When choosing what to invest in, many people will initially focus on the stock market which is considered a more mainstream investment. However, investments are more than stocks, and there is a wide range of alternative investments you can add to your portfolio to not only add growth to your long-term returns but also to spread the risk. If you’re looking to diversify your investments or if you simply want to get started with something different, this guide will cover the overlooked investment options that you should consider in 2023. From investing in EIS schemes and commercial property to commodities and collectables, there is plenty to discover.

EIS Schemes

One of the first on our list of overlooked investments is EIS investment opportunities, one of many flagship policies developed by the UK government to support early-stage companies. With an EIS investment, you would be helping to support businesses in exchange for various tax reliefs. Depending on your circumstances, this could include 30% income tax relief, tax-free gains, CGT deferral, loss relief, or inheritance tax relief. To understand more about investing in EIS schemes and their benefits, head over to Oxford Capital, to learn more.

Property Bonds

When property developers are looking to finance new commercial or residential projects, they typically do so with property bonds. These bonds are used to raise capital for the projects from investors and typically last for a fixed term, between two and five years. This form of investment is attractive due to the higher interest rates, ranging from 4% to 15%, offered in comparison to traditional government bonds, which generally perform at under 4%.

While there is a risk that the project could be abandoned due to external factors such as a rise in material costs, disruptions to supply, and a lack of finances, if the project goes to plan, you will see a return of your original investment as well as any interest accumulated. However, you can also opt to receive the interest payments monthly, quarterly, or annually throughout the course of the project, in which case, at the end of the project, your original investment will be returned with any leftover interest that has not yet been paid.


The term commodity encompasses a variety of physical investments you can make. Unlike traditional investments such as stocks, bonds, or funds, these investments have both a use-value and an exchange value. This is because when you invest in commodities, you gain ownership over a small amount of the resource you are investing in. As there is always a need for physical goods, these commodities are an excellent way to diversify your investment portfolio and hedge against inflation, market changes, and the depreciating value of different currencies.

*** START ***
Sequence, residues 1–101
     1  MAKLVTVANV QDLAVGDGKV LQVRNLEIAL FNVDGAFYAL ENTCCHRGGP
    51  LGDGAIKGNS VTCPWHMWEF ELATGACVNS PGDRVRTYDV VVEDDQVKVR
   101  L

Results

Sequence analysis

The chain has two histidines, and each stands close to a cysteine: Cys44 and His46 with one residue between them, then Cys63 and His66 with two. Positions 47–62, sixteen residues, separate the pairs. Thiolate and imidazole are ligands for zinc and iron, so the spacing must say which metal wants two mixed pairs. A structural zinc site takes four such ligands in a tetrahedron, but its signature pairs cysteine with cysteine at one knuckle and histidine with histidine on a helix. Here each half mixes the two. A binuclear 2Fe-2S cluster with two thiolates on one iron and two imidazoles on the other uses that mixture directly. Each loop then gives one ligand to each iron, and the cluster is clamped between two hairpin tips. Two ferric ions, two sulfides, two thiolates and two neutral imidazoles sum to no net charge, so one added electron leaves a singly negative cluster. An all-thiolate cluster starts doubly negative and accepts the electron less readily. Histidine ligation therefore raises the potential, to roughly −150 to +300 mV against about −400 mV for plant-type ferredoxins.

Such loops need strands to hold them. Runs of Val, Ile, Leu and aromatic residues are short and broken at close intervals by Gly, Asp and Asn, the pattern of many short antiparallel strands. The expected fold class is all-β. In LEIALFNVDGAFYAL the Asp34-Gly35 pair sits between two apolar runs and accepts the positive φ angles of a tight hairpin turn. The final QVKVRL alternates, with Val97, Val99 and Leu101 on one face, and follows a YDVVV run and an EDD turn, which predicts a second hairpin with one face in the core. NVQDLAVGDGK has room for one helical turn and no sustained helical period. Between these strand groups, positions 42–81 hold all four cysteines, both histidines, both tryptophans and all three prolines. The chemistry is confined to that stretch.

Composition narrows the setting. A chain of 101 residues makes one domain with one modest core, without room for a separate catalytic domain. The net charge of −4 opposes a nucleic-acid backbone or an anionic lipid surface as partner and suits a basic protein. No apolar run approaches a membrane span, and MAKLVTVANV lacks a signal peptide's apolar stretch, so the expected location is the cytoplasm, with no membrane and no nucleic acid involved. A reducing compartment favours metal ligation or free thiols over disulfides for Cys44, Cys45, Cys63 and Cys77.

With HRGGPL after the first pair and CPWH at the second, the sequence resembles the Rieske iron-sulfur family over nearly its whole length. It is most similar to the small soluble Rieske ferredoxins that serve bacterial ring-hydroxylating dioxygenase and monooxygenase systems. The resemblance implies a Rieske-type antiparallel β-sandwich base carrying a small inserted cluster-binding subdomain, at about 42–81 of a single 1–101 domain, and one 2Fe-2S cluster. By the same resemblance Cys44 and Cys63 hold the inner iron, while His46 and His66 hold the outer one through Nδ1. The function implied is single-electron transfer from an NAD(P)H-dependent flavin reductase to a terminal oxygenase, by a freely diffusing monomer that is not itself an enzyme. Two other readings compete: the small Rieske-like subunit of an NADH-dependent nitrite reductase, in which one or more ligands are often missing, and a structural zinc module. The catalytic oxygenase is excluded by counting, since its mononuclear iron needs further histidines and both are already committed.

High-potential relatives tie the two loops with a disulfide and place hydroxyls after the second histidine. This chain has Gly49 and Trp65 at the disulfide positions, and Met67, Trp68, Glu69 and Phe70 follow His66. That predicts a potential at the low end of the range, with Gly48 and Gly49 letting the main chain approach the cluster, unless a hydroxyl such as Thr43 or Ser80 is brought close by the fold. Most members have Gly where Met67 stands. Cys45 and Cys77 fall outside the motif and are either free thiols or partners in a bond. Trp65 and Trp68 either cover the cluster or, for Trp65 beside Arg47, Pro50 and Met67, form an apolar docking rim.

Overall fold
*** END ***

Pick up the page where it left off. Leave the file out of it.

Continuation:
Some of the most common commodities you can invest in include:

  • Gold.
  • Agricultural products.
  • Crude oil.
  • Precious metals.
  • Timber.
  • Diamonds and other precious stones.
  • Spices, sugar, and salt.

Commercial Property

When looking into properties to invest in, many people choose residential options as they can renovate and sell or rent these homes. However, as the property market can be particularly volatile, a great option when you want to invest in properties is to look to commercial options instead. When it comes to commercial property, there are many ways you can invest, and these include:

  • Direct investment:This means buying a share or all of a property, which can then be rented out to businesses.
  • Direct commercial property funds:Often referred to as bricks-and-mortar funds, this is the most popular way to invest in commercial property. With this fund, you invest into a scheme that invests directly into an existing portfolio of commercial properties, which pays out the interest of your investment monthly, quarterly, or annually.
  • Indirect property funds:Similar to the direct commercial property fund, with this fund, you would invest in a collective investment scheme that invests in the shares of property companies in the stock market.

Peer-To-Peer Lending

Peer-to-peer lending is a risky venture where you would invest directly into start-up enterprises in order to help them get off the ground. It’s an excellent way to help small business owners get going with their dreams while also creating a lucrative investment. When you choose peer-to-peer lending, you loan the start-up a specific amount with the promise to pay back with interest. You can determine a timeline for this, or you can also choose to have the interest paid back monthly, quarterly, or annually.

However, as already mentioned, peer-to-peer lending is a risky venture, as the company you invest in could fail, and in that case, they would default on your loan. With this in mind, before you choose peer-to-peer lending, you should always thoroughly research the start-up’s fundamentals first, as this will give you a better insight into the viability of the business.